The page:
Buzz has been building for months behind Jenn Lyons’ debut The Ruin of Kings, and along the way, the epic fantasy series-starter has drawn comparisons to just about every one of your favorite authors.
Yes, you will find here the complex political machinations of George R.R. Martin, as well as the staggering scope of one of Brandon Sanderson’s works. Yes, the novel follows the sort of compellingly flawed characters V.E. Schwab is so good at making us fall for, and its unique mode of storytelling will delight fans of Patrick Rothfuss. Maybe you’re looking for a readalike for Brent Weeks or Peter V. Brett? This is the book for you, too.
Yet while all of the comparisons are well-earned, it’s unfair to reduce The Ruin of Kings to a litany of “a la” descriptors. This complicated, bombs-away doorstopper—and the enormous world it introduces—more than deserves lauding on its own unique merits.
Truly, fantasy faithful, it will knock your socks off.
For starters, let’s talk form and format: largely, Lyons tells her story in retrospect, via a conversation between a thief, Kihrin, and his not-altogether-human jailer, Talon. We’re given little opportunity to orient ourselves at first, as in alternating chapters, Kihrin and Talon unfold the story of a life as glimpsed from different points in time.
Framing their respective retellings are correspondences and footnotes from a third source, one whose involvement in these events only becomes clear toward the end of the novel. The footnotes in particular serve as an invaluable element of the worldbuilding, expanding our understanding of the setting well beyond the concerns of the primary plot and revealing intricate facets of multilayered world rich in dragons and demons, gods and great destinies.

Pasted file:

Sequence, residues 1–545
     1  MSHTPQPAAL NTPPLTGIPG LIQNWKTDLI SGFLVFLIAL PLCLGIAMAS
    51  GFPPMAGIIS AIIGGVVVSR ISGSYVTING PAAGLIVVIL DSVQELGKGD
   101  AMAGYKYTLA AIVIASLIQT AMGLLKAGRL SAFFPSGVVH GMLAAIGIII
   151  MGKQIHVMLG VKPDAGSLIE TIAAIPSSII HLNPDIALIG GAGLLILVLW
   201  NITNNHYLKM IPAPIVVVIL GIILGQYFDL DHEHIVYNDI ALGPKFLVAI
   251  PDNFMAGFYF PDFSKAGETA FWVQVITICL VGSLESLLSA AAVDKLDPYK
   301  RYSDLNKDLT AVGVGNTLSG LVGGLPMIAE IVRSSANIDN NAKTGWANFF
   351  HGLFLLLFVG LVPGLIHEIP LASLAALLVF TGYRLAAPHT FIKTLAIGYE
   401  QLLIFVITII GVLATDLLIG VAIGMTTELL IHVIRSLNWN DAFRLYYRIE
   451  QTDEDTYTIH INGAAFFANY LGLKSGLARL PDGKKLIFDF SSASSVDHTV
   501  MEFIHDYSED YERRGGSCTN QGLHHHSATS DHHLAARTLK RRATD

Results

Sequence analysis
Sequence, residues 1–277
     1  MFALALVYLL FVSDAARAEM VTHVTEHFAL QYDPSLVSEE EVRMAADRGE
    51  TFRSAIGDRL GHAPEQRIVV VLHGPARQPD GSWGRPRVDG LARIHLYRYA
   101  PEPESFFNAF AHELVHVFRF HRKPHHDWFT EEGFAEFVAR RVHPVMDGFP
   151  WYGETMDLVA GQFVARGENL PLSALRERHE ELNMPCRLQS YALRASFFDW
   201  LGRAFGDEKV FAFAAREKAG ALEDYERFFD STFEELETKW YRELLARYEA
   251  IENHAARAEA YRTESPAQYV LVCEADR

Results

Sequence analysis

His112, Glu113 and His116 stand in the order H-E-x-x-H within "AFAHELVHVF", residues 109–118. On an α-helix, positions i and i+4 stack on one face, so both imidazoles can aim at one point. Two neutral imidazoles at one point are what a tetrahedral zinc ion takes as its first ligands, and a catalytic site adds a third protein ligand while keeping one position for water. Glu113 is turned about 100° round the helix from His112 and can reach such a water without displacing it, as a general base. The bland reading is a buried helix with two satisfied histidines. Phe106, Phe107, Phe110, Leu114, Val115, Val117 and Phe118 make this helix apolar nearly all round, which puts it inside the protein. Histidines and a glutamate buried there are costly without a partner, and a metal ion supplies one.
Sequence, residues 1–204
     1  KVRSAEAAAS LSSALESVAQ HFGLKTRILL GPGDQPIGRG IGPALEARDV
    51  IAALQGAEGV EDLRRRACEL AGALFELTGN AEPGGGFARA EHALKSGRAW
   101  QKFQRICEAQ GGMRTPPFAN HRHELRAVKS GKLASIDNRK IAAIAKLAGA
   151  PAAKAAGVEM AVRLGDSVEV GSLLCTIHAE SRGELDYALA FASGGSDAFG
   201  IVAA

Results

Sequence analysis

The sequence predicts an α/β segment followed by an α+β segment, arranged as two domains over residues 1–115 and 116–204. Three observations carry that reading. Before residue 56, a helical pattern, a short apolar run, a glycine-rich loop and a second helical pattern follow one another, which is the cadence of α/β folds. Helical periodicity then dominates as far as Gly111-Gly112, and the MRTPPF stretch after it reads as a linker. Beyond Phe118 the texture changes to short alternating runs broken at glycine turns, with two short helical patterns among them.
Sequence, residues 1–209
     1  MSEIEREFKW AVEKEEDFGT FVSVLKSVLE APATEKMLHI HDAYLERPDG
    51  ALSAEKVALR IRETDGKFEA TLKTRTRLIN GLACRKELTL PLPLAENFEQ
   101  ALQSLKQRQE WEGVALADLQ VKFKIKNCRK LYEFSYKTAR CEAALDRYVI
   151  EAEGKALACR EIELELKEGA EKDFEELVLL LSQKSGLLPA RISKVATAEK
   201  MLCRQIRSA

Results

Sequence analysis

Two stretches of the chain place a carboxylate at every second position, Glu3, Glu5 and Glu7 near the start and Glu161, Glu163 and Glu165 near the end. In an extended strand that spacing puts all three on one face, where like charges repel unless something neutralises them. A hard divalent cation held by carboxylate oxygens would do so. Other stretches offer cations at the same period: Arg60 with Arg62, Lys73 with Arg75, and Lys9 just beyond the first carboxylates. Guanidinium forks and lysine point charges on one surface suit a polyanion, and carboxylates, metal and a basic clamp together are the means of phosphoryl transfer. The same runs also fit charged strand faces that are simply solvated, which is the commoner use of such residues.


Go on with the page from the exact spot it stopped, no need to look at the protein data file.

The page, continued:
Crucially, Kihrin remains the star of this show. A burglary job turns his world upside down after he witnesses a gruesome, otherworldly murder. After fleeing the powerful sorcerers and the demon they unleashed, he learns he may be a long-lost princeling of a powerful (and shadowy) noble house. You’d think such news might herald a new, more fortunate future. Instead, Kihrin’s situation starts a steep decline, as he is buffeted on all sides by mysteries of the past and the competing occult plots of the present. At the heart of all these troubles is a necklace Kihrin has worn since birth—or at least that’s what the various sorcerers, dragons, devil, and deities he encounters seem to believe.
There is a considerable amount of plot to keep track of in this book, the first of a planned quintet, but the detail only serves to make the world, and the characters that people it, feel real. Seemingly every bit player is working from their own aims and twisted backstories, and the action zigzags from this plane to the next. Coupled with the unique story structure, the effect can be dizzying—but a frenetic vibe suits a story in which the protagonist’s troubles snowball with such rapid velocity.
The energy with which Lyons infuses the novel feels both tightly controlled and in danger of sending it careening toward the edge of a cliff. In less sure hands, and with weaker characters to guide the way, the resulting story might be a confusing morass. Instead, it’s exhilarating: a mile-a-minute charge toward a satisfying conclusion that leaves the door open to yet more exploration of a wide, wild, and fascinating world.
There’s no telling where future installments in the series—A Chorus of Dragons—will go. There is certainly no shortage of paths for the narrative to wander (or gallop) down. That should be endlessly exciting for fantasy fans in search of their next favorite saga—and terrifying for the likes of Kihrin.